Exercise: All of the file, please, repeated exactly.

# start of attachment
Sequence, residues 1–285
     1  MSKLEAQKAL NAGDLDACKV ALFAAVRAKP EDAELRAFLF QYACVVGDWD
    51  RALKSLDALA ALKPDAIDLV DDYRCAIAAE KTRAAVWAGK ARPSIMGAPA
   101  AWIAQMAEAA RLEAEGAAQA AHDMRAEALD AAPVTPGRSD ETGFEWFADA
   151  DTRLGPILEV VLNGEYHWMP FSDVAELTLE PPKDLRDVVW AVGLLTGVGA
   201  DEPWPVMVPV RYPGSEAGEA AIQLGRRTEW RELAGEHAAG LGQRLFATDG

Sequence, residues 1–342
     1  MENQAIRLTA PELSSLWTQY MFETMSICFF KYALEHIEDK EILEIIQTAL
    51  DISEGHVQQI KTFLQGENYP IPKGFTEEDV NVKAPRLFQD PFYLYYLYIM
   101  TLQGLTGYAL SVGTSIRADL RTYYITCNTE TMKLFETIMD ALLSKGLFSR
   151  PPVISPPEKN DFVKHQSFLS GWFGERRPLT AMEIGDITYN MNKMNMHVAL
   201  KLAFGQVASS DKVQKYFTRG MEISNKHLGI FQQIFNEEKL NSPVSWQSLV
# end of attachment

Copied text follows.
Sequence, residues 1–285
     1  MSKLEAQKAL NAGDLDACKV ALFAAVRAKP EDAELRAFLF QYACVVGDWD
    51  RALKSLDALA ALKPDAIDLV DDYRCAIAAE KTRAAVWAGK ARPSIMGAPA
   101  AWIAQMAEAA RLEAEGAAQA AHDMRAEALD AAPVTPGRSD ETGFEWFADA
   151  DTRLGPILEV VLNGEYHWMP FSDVAELTLE PPKDLRDVVW AVGLLTGVGA
   201  DEPWPVMVPV RYPGSEAGEA AIQLGRRTEW RELAGEHAAG LGQRLFATDG

Sequence, residues 1–342
     1  MENQAIRLTA PELSSLWTQY MFETMSICFF KYALEHIEDK EILEIIQTAL
    51  DISEGHVQQI KTFLQGENYP IPKGFTEEDV NVKAPRLFQD PFYLYYLYIM
   101  TLQGLTGYAL SVGTSIRADL RTYYITCNTE TMKLFETIMD ALLSKGLFSR
   151  PPVISPPEKN DFVKHQSFLS GWFGERRPLT AMEIGDITYN MNKMNMHVAL
   201  KLAFGQVASS DKVQKYFTRG MEISNKHLGI FQQIFNEEKL NSPVSWQSLV